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Spread the Word!  U.S. Should Not Recognize Sham Honduras Elections


The elections held in Honduras on November 29 were inherently flawed.  Tens of thousands of troops and police officers manned polling stations and even distributed electoral literature.  These forces have been responsible for killings, rapes, beatings, and detentions of people opposed to the coup.  Media reports cited many people who said they did not vote out of fear.*

But many Americans don’t know what’s really going on because the U.S. press hasn’t been reporting it.  Can you help us spread the word by sending a letter to your local newspaper?  You can find an editable sample letter and a tool for sending it to your local paper at this link:

The climate of repression in which the flawed elections took place included human rights abuses and violence on election day and the days before.  Authorities raided the homes of people opposed to the coup; assaulted a march in the city of San Pedro Sula using beatings, tear gas, and water cannons; and detained many people simply for gathering in groups of more than four.  The coup regime silenced broadcasts of media outlets that have criticized the coup.  These violations were condemned by major human rights organizations including Amnesty International.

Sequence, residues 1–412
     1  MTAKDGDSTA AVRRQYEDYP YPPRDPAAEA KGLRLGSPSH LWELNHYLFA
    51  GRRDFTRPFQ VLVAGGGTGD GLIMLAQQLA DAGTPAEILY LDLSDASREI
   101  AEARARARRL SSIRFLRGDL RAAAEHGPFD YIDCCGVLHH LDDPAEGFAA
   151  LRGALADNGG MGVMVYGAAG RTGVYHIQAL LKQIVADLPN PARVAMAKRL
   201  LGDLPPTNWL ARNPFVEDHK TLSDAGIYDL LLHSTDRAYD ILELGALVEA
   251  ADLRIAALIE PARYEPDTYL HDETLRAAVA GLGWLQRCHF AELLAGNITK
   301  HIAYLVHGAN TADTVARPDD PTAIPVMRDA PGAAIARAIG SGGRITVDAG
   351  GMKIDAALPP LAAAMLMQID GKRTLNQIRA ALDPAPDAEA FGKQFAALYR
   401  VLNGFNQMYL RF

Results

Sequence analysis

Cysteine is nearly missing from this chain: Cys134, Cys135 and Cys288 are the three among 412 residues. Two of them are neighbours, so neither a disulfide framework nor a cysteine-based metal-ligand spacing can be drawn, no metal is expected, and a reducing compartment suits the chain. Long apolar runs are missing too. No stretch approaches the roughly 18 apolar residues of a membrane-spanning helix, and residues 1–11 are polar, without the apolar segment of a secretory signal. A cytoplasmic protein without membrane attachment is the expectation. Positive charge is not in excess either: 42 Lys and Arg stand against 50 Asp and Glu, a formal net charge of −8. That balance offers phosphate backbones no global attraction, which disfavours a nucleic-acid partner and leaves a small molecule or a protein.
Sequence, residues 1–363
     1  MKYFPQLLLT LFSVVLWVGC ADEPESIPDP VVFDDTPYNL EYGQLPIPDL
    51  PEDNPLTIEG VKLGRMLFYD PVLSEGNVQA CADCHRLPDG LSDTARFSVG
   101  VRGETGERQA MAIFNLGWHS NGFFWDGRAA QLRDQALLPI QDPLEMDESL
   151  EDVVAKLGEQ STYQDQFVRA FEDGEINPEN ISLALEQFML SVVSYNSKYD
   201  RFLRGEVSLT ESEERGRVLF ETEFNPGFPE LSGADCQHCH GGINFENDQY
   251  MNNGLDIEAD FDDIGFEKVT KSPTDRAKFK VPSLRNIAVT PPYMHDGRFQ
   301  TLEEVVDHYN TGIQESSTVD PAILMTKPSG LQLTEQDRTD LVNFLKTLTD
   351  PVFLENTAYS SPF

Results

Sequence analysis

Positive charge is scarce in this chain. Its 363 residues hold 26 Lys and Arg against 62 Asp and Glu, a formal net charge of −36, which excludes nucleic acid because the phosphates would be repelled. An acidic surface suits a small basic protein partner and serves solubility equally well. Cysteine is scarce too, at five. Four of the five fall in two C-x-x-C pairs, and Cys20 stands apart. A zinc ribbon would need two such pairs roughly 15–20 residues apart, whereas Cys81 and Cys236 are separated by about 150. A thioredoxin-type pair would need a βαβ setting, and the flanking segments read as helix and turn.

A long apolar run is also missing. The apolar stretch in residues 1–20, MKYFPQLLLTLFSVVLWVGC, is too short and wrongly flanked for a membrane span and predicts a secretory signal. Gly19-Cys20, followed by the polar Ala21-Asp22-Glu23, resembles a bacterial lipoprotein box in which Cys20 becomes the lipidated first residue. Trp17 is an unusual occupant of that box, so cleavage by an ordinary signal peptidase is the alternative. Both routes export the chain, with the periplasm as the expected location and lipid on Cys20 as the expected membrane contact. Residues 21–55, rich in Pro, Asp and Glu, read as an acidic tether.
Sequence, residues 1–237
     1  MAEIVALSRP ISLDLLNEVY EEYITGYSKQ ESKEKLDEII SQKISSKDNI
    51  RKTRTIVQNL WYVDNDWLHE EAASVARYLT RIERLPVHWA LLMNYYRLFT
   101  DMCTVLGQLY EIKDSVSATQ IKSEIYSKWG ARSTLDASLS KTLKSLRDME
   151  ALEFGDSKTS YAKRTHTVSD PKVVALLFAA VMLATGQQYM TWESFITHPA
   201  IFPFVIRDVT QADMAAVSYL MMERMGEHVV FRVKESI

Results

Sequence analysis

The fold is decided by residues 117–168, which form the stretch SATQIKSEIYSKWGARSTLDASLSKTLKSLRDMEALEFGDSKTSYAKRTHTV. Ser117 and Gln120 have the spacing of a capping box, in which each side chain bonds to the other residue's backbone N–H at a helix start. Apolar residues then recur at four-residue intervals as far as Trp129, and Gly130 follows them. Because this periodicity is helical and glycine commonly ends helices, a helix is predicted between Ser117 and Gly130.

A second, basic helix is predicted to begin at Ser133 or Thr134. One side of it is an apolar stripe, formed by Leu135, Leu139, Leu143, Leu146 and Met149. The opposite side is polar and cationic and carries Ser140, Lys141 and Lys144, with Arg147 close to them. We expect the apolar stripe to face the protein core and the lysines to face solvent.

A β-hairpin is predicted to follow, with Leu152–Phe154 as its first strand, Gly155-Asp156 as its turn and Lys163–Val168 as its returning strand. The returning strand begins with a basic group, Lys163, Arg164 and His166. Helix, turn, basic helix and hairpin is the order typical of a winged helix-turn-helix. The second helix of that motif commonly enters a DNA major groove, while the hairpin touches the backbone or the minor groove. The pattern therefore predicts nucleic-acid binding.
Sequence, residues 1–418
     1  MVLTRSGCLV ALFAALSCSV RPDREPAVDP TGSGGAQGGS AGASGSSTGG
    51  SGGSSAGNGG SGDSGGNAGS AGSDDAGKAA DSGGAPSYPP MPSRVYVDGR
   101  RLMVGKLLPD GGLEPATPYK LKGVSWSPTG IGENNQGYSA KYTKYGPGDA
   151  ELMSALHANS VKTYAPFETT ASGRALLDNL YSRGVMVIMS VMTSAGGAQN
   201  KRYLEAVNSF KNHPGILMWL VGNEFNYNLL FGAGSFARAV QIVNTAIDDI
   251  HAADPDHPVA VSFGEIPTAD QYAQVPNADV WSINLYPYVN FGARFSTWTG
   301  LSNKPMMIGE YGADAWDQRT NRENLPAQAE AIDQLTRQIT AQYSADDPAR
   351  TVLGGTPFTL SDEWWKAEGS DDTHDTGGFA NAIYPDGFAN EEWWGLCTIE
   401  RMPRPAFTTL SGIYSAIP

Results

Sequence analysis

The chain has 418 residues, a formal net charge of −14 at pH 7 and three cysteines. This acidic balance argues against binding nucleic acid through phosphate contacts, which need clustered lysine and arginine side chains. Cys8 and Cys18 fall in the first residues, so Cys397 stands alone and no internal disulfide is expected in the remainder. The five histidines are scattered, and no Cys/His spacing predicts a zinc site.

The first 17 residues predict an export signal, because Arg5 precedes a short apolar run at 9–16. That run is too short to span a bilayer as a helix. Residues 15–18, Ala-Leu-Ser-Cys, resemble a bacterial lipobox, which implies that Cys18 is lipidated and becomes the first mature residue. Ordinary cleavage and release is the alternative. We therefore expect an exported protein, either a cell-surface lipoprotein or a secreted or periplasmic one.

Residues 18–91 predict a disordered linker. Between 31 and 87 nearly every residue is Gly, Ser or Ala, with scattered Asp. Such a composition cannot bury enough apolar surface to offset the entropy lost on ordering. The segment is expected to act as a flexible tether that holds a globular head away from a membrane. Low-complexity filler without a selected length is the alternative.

It appears that the Honduran electoral authority, the Tribunal Supremo Electoral (TSE), may have grossly inflated participation figures for the elections.  The official electoral observation organization, Fundacion Hagamos Democracia, while obtaining roughly the same results as the TSE elsewhere in its polling, put the participation rate at 47.6%, as opposed to the 61.3% rate presented by the TSE.

The U.S. government is wrong to recognize these elections as legitimate, and is alienating us from Brazil and other allies who see the elections as consolidating the success of a coup.  Honduras needs new, free and fair, elections — not held under a coup government — to move forward and have a recognized government.  Such elections would be overseen by independent electoral observers — unlike those on November 29 — and would be recognized by the both the international community and the Honduran people.

Thank you for all you do to help bring about a just foreign policy.

Robert Naiman, Chelsea Mozen, Megan Iorio, and Sarah Burns
Just Foreign Policy


*  “Honduran Elections Marred by Police Violence, Censorship, International Non-Recognition, CEPR Co-Director Says,” Press Release, Center for Economic and Policy Research, November 30, 2009, <>.

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